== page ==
The Symphony Association performs a Fourth of July concert every year, which attracts between 4,000 to 6,500 persons. Admission is charged for the concert. The City of Lake Forest does not contribute any money to the concert and, while it allows the Symphony Association to use city facilities to perform the concert, it charges the Symphony Association for the security and cleaning services associated with the concert.

On October 7, 1996, plaintiff filed her complaint against the Symphony Association. On July 2, 1997, plaintiff filed her amended complaint, adding Lowe as a defendant. On August 27, 1997, the Symphony Association filed its motion to dismiss, alleging that plaintiff's suit was untimely filed pursuant to section 8--101 of the Act. Lowe subsequently joined the motion. The trial court granted defendants' motion, finding that the Symphony Association was a local public entity under the Act and that plaintiff's action was filed outside the one-year limitations period. The trial court further found that Lowe was an employee of the Symphony Association for the purposes of the Act. Plaintiff timely appeals.

The sole issue on appeal is whether the Symphony Association is a "local public entity" as defined by the Act. This is a case of first impression in this district and requires us to interpret section 1--206.

" 'Local public entity' includes a county, township, municipality, municipal corporation, school district, school board, educational service region, regional board of school trustees, community college district, community college board, forest preserve district, park district, fire protection district, sanitary district, museum district, emergency telephone system board, and all other local governmental bodies. 'Local public entity' also includes library systems and any intergovernmental agency or similar entity formed pursuant to the Constitution of the State of Illinois or the Intergovernmental Cooperation Act as well as any not-for-profit corporation organized for the purpose of conducting public business. It does not include the State or any office, officer, department, division, bureau, board, commission, university or similar agency of the State." (Emphasis added.) 745 ILCS 10/1--206 (West 1996).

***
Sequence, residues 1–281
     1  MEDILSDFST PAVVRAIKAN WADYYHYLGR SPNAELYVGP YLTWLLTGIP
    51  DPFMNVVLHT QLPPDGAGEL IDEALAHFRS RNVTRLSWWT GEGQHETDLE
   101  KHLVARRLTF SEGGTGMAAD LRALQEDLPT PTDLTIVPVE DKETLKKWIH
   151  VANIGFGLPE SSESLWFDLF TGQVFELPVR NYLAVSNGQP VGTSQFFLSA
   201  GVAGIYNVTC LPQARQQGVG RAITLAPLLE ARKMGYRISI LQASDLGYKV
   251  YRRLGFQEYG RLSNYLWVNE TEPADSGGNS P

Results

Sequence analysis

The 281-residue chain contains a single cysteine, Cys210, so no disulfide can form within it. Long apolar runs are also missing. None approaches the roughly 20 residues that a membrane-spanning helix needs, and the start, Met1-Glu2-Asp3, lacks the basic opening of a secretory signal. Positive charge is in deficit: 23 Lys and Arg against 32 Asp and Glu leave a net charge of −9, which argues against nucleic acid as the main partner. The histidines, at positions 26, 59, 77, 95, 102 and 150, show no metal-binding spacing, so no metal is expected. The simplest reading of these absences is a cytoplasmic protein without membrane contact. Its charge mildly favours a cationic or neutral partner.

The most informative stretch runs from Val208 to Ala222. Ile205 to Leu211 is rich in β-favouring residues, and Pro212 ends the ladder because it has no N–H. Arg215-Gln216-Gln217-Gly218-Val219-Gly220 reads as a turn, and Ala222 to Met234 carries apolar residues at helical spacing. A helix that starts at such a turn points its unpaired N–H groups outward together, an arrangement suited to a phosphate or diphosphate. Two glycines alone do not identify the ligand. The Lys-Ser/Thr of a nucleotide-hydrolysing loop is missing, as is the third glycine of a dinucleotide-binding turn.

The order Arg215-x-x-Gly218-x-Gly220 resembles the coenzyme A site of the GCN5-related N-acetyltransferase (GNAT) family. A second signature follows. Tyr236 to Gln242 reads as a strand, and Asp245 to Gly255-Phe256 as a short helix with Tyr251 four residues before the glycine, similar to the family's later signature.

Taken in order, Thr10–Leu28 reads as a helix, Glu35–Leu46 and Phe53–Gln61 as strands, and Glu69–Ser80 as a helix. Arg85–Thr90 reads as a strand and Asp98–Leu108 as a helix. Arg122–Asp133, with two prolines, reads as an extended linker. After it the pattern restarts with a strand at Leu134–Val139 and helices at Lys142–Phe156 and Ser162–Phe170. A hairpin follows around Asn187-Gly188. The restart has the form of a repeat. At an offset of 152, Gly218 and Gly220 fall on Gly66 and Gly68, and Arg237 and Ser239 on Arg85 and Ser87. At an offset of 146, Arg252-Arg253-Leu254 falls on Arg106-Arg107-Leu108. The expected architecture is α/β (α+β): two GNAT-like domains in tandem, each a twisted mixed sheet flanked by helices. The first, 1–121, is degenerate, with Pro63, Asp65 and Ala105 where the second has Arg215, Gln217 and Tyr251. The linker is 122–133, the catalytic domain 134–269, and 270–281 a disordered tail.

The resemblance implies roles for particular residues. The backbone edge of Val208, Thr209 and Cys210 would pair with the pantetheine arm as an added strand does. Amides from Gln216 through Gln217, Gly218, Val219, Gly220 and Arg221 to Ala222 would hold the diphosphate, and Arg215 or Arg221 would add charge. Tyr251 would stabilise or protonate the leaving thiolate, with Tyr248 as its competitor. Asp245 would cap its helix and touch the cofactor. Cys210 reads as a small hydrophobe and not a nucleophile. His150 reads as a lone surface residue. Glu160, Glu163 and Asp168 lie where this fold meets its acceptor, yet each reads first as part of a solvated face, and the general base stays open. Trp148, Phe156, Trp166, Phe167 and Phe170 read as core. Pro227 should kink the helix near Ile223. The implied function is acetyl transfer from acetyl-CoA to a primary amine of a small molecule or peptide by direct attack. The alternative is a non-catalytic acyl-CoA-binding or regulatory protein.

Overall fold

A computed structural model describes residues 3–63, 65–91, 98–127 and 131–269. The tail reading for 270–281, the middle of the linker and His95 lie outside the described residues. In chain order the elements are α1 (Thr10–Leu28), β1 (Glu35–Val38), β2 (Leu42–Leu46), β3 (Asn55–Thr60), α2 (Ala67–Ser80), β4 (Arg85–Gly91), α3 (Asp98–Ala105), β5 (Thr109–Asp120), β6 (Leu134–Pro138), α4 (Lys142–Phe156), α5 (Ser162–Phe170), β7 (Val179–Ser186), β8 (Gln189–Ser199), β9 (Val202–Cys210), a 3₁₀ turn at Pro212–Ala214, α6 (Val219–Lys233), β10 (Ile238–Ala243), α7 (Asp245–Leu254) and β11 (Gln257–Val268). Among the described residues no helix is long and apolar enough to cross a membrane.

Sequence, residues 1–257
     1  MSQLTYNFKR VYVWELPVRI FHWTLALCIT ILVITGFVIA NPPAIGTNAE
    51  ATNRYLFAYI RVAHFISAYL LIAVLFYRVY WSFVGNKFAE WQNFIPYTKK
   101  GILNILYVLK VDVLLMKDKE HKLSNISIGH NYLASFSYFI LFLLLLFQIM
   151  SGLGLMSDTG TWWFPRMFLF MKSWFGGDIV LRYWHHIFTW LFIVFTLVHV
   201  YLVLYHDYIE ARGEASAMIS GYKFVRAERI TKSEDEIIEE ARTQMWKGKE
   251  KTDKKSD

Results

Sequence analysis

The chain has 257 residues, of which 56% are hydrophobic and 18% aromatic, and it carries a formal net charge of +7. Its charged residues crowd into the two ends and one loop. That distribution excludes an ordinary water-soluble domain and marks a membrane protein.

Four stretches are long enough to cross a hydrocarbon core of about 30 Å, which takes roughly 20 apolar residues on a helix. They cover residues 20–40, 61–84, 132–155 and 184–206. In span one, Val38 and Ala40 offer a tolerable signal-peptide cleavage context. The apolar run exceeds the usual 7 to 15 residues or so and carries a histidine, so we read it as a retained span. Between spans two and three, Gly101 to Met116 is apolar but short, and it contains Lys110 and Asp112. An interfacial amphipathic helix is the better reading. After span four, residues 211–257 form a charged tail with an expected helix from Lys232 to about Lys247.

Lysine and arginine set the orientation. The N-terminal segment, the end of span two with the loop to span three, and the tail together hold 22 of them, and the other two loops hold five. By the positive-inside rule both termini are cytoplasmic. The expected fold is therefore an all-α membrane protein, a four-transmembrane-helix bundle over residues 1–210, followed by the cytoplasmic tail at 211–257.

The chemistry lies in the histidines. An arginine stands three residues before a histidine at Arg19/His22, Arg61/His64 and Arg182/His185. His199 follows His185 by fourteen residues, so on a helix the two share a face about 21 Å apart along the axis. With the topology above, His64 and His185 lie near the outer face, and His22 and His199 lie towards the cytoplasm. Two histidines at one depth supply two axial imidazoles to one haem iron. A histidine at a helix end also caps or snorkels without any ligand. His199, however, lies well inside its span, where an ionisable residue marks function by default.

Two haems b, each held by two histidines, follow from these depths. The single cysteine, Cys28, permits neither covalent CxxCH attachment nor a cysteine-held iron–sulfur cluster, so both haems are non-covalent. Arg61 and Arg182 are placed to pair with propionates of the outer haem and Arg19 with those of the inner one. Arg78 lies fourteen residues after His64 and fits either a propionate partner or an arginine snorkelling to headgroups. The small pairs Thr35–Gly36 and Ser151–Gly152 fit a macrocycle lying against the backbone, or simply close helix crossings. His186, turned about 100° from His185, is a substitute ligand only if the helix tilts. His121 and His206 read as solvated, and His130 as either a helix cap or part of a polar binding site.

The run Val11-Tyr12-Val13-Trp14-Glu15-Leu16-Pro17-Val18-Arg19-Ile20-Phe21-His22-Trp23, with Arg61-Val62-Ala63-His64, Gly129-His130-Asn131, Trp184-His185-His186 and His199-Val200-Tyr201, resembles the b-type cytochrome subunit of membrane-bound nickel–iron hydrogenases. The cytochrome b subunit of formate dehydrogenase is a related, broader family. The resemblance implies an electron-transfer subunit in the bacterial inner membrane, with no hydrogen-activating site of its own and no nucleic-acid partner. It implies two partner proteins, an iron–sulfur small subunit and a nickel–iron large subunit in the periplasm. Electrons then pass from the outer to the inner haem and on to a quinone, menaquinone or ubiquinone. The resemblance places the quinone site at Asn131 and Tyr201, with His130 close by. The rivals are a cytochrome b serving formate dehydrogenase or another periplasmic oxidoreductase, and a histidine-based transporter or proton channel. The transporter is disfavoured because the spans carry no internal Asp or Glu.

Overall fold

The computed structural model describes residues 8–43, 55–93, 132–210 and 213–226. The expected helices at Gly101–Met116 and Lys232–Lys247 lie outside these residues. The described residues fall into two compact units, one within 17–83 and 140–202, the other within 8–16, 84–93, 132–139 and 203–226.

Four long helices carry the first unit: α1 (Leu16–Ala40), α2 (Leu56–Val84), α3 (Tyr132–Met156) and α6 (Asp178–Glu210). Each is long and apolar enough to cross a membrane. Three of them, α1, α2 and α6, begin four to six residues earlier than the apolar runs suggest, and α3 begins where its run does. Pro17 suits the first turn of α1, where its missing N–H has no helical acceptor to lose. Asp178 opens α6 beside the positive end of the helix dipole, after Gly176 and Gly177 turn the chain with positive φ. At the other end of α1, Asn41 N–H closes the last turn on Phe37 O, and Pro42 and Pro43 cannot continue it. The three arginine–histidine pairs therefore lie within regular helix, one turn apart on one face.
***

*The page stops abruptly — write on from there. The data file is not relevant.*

Our primary goal in interpreting a statutory provision is to ascertain and give effect to the legislature's intent. To discern that intent, we first consider the plain language of the provision itself and consider it in the context of the act as a whole and in connection with every other section of the act. Barnett v. Zion Park District, 171 Ill. 2d 378, 388-89 (1996). If the provision is clear and unambiguous, then the plain language of the act must be given effect without resort to other interpretive aids. Barnett, 171 Ill. 2d at 389. We must not depart from the plain language of the act by creating exceptions, limitations, or conditions that conflict with the express legislative intent. Barnett, 171 Ill. 2d at 389.

The key to determining whether the Symphony Association is entitled to claim the limitations period under the Act is the interpretation of the phrase "any not-for-profit corporation organized to conduct public business." Neither party disputes that the Symphony Association is a not-for-profit corporation. Our inquiry, therefore, must center on what activities the ...